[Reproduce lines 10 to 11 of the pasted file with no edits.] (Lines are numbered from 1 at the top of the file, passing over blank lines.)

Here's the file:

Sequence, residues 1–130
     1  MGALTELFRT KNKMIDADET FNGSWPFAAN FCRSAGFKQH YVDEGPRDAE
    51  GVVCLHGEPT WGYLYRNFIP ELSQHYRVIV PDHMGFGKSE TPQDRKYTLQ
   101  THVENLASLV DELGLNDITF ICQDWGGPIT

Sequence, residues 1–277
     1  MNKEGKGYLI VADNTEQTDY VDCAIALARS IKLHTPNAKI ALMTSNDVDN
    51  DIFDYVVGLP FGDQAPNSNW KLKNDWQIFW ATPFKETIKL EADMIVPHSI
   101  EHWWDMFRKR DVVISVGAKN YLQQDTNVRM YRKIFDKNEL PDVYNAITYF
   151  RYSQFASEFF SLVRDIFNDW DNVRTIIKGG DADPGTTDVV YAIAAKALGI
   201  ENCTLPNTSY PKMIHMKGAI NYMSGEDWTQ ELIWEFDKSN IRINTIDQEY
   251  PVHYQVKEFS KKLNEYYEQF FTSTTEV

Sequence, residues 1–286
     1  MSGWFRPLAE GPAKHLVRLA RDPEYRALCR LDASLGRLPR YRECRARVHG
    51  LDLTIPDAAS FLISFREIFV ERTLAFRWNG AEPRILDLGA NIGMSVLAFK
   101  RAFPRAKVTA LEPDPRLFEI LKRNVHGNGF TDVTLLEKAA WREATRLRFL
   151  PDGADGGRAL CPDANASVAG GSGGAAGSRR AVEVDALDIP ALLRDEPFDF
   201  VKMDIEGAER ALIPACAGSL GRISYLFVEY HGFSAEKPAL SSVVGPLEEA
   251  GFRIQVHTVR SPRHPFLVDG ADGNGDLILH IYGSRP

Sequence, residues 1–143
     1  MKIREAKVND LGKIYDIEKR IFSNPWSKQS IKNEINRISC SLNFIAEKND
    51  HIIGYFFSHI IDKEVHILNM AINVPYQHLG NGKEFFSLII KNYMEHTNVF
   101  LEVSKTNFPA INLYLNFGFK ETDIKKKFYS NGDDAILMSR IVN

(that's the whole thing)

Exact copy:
   201  ENCTLPNTSY PKMIHMKGAI NYMSGEDWTQ ELIWEFDKSN IRINTIDQEY
   251  PVHYQVKEFS KKLNEYYEQF FTSTTEV